Entering Westford ~the newest Artifact in our collection
Geoff Hall and Richard McLaughlin, while working on the North Westford presentation, hiked on June 1, 2020 to the Greystone Trail in North Westford. While walking the trail, they noticed this Route 3 “ENTERING WESTFORD” sign off the trail in the woods. The sign is possibly dated to the mid 1960’s when that portion of Route 3 in the Tyngsboro/Westford area was being completed. The sign was most likely taken down during the widening of Route 3 in 2001 and brought into the woods some distance from the highway.
We love our volunteers!
When you run out of storage space, create more!
Thanks to Newell Tillman for your superior craftsmanship. Newell designed and installed for us two new storage areas for our ever growing collection of Westford artifacts and treasures.
Photo Contest/Digital Time Capsule
Our June winners
Have you been taking many more pictures during the pandemic? Share them. Submit your favorite picture(s) to our July photo contest, “Capture the Moment”
Detail can be found on our website
Join us for a Walking Tour of the Heart Graniteville
Saturday August 15, 2020 2-3:30pm
(Rain date Sunday August 16th)
Enjoy a historic walking tour of the urban area of Graniteville with Westford Town Historians, Geoff Hall and Jim VanBever. Park in the larger parking lot to the left of the United Methodist Church and meet Geoff and Jim across the street from the church by the Nativity Creche to begin your tour. Hear about the significant people and the economic and political impact that Graniteville has had on the development of Westford. Explore the heart of Graniteville with us.
Notable of the Month ~ Meet Frank L. Furbush,
Just one of the Graniteville Notables you’ll hear about in our
upcoming Walking Tour of the heart of Graniteville.
WESTFORD, March 8, 1938 (Lowell Sun)-Citizens of Westford will regret to learn that Frank L. Furbush, who has served in several important elective offices for many years, declined reappointment to the finance board at the expiration of his term on March 1 of this year because of his health. Mr Furbush was born in Freeman Maine on April 1, 1861. He received his education in the school of that town and in 1883 came to Graniteville where he entered the employ of the C.G.Sargent Corp., for whom he has worked for 55 years and at the present time is their chief engineer.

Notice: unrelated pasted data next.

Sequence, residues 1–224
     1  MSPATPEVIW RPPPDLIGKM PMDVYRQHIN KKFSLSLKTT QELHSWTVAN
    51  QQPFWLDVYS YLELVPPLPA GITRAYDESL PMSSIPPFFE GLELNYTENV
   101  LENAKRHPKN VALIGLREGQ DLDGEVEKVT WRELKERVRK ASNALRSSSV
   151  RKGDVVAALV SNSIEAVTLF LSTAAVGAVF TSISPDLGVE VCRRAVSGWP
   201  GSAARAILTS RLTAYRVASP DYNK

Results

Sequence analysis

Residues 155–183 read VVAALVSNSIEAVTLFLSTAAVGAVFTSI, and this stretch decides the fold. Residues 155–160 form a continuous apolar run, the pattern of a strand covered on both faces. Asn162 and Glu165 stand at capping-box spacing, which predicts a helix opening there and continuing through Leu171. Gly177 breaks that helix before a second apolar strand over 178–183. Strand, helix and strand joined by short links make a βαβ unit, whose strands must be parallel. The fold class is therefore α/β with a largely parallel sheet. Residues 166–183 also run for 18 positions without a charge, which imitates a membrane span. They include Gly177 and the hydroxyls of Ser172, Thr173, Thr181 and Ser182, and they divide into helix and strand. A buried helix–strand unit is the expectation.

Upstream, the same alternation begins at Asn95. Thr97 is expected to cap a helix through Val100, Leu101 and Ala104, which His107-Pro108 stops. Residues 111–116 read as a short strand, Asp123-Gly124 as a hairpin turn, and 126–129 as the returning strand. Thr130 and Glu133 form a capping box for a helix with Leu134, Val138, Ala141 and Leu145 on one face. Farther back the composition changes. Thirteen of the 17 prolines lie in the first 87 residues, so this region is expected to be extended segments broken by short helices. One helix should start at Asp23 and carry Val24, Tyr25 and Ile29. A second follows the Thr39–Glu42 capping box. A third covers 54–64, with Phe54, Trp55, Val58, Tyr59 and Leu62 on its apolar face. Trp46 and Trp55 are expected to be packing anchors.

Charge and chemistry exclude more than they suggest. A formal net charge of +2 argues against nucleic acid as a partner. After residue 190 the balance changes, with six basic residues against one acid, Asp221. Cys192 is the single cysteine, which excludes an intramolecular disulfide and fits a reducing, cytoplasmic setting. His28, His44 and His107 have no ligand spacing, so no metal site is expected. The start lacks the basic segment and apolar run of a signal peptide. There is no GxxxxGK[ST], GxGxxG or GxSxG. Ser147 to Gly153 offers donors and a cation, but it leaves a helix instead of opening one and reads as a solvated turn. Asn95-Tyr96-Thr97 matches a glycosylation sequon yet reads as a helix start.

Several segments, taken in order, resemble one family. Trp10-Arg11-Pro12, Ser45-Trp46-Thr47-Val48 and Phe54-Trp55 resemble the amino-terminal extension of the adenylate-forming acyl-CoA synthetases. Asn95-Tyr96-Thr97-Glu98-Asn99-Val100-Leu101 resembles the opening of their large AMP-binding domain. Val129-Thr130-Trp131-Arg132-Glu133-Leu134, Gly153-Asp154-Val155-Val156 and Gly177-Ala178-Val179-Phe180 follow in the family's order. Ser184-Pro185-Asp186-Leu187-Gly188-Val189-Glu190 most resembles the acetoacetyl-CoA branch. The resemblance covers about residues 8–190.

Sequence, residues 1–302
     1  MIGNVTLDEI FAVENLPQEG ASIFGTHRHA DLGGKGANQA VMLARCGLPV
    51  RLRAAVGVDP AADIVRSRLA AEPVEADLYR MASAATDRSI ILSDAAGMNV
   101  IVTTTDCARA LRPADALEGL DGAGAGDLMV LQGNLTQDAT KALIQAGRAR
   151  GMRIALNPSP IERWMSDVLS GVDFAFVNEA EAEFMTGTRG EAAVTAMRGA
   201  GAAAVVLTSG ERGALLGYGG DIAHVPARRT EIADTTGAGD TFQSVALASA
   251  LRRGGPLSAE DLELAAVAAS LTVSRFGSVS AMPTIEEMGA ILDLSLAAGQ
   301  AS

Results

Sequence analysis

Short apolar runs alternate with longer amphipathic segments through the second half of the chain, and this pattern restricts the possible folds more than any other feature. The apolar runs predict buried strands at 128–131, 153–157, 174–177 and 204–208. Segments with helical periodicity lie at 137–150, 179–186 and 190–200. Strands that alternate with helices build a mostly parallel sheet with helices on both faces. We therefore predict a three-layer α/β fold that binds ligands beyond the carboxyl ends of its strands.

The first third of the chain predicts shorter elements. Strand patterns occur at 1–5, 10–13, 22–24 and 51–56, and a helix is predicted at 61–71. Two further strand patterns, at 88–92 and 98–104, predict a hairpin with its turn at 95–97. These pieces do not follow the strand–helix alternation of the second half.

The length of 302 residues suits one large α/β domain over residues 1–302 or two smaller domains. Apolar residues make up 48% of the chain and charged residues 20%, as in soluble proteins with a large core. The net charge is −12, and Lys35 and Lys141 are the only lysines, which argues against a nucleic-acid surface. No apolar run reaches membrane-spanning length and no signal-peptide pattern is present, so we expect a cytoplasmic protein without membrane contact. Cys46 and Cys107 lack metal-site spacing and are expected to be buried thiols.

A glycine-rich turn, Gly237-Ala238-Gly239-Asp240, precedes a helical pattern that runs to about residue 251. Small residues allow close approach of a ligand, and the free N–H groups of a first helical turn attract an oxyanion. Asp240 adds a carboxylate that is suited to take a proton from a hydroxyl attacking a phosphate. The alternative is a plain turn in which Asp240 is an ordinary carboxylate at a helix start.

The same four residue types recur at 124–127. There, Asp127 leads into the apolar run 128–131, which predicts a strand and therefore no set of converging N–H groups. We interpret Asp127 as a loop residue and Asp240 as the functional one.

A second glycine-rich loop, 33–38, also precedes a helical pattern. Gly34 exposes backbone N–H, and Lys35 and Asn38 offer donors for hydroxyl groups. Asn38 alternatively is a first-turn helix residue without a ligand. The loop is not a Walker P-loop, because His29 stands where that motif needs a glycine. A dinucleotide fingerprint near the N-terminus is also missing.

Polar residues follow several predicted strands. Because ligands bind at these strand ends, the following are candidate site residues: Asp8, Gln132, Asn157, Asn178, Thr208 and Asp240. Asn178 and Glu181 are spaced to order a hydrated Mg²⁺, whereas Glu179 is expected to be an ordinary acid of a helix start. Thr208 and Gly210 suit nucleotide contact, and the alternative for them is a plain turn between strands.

Mr. Furbush was a member of the board of selectmen for 12 years and chairman for six year. He served 12 years also on the school committee, was a fire engineer for six years and chairman of the board of health during the period he was selectman. For the past 10 years he has been a wise valued member of the finance board. Mr. Furbursh has been a wised and trustworthy executive whose objectives has always been in the best interest of Westford
Mr Hildreth has sent the following letter to Mr. Furbush:
My Dear Mr. Furbush;
It was with regret that I learned that you felt unable to continue your duties on the finance board. Your presence on the school committee, board of health and board of selectmen over a long period contributed in a large measure to a wise and economical administration of town affairs. In acknowledgement of your experience and good judgement you were appointed in 1928 to the finance board on which you served faithfully and gave willingly of your time during the past ten years.
On behalf of the people of Westford, I wish to express their sincere appreciation of your unselfish service.
ROGER H. HILDRETH
Meet Lucy Stone ~ Westford Celebrates Women’s Right to Vote Event
Tuesday September 29, 2020 at 7pm.
“I Now Pronounce You Lucy Stone” In this fiery presentation, Lucy describes the tension of Antebellum Boston.. Women were evolving from successful abolitionists to struggling suffragists! Challenging discrimination is not easy; Lucy Stone was never one to take the easy road. The first woman from Massachusetts to earn a college degree, Lucy was an ardent supporter of human rights. Always fierce, her belief that women and men be equal was evident in both her political and personal endeavors. Her message inspired thousands to join the suffrage movement; even Susan B. Anthony credits Lucy’s impassioned speeches for her involvement. As a scholar, Lucy studied Greek and Hebrew, insisting that ancient scriptures had been mistranslated to objectify women. As a wife, Lucy refused to take her husband’s name, becoming the first to do so in the nation, and leading to the moniker of “Lucy Stoner” to describe a woman who does just that! Lucy and her comrades were evolving from successful abolitionists to struggling suffragists. Their fight was ferocious, so come along for the ride! Suitable for all ages.
Judith Kalaora is a professional educator, actress, and living historian. She graduated Magna cum Laude from Syracuse University and holds a Bachelor of Fine Arts in Acting, along with a Bachelor of Arts in Spanish Language and Culture. She attended the Globe Education Program of Shakespeare’s Globe Theatre in London, England. Judith founded History At Play™ in 2010 to provide educational entertainment, chronicling the lives of influential and often forgotten women. Judith researches, writes, produces, and performs.
Sponsored by The Westford Cultural Council